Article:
Bears are true apex predators, preying upon basically anything they want. If you mess with the mountain goats, however, sometimes you get the horns, as an unfortunate grizzly bear learned earlier this month.
I’m a huge fan of so-called prey animals, as they’ve evolved all sorts of tricks to avoid the dinner plate. At the same time, I’m not so fond of bears—the largest terrestrial carnivores on Earth. They legit scare the crap out of me, and rightly so, given their tremendous size and ferocity. So imagine my amusement, if that’s the right word, upon hearing that a grizzly bear was killed by a mountain goat in British Columbia’s Yoho National Park.
On September 4, a hiker contacted Parks Canada after stumbling upon the deceased bear near Burgess Pass in the Canadian Rockies. Parks Canada quickly removed the carcass for fear it might attract wildlife to the area, which is frequented by tourists.
An ensuing post-mortem showed that the “female grizzly bear died of natural causes which were due to a mountain goat,” according to an emailed statement from Parks Canada. The bear had been gored by a mountain goat, with fatal wounds to its neck and armpits. The location of these injuries, said Parks Canada, “were consistent with the predatory attack behaviour of grizzly bears and the defensive response of mountain goats.”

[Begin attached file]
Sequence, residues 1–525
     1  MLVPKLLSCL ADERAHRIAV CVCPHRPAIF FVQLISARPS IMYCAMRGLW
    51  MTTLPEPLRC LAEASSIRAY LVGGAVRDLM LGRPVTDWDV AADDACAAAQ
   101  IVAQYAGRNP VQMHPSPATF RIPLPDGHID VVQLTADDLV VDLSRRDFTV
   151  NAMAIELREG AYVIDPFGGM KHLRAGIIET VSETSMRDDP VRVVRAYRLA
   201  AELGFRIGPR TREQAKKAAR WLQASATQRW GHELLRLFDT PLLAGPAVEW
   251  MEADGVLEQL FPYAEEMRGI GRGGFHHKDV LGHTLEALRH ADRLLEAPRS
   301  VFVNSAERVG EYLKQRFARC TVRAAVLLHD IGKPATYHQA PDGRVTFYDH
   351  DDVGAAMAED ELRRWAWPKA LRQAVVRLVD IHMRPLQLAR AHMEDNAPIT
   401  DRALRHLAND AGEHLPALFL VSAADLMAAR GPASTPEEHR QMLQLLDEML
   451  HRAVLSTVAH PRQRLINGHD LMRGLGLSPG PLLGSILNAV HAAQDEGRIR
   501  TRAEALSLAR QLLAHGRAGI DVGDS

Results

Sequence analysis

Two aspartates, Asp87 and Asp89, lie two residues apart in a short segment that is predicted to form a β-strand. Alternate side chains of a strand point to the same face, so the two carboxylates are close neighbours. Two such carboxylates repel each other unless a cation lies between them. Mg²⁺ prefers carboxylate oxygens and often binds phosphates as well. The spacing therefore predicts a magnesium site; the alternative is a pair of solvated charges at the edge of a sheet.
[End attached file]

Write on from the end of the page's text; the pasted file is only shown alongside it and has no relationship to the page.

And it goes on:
Indeed, grizzlies tend to go for the head, shoulders, and neck of their prey. At the same time, mountain goats have both the will and the means to defend themselves, using their sharp horns to fend off attackers. Results of the post-mortem confirmed that the wounds happened before the bear’s death and that the size and shape of the puncture wounds matched the horns of a mountain goat. Parks Canada said it was able to rule out human involvement and other possible causes.
The female grizzly bear weighed about 154 pounds (70 kg), which is a bit small for bears and approximately the same weight as an adult mountain goat. Speaking to CBC’s Radio West, David Laskin, a wildlife ecologist with Parks Canada, said the size of the bear may have had something to do with the lost battle, as the CBC reports. The post-mortem suggests the bear never reared any cubs, which is at least some good news.
Grizzly bear attacks on mountain goats are actually quite common. A video taken in 2018 near Mount Bosworth, also in British Columbia, shows a mountain goat, along with her kid, seeking refuge on a cliff during an unsuccessful bear attack. You can see the 2018 video below: